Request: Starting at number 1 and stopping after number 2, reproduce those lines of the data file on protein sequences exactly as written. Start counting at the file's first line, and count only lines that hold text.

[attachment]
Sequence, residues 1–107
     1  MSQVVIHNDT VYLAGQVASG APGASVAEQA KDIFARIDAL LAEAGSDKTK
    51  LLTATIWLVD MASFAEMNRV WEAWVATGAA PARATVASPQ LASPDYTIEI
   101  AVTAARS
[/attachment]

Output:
Sequence, residues 1–107
     1  MSQVVIHNDT VYLAGQVASG APGASVAEQA KDIFARIDAL LAEAGSDKTK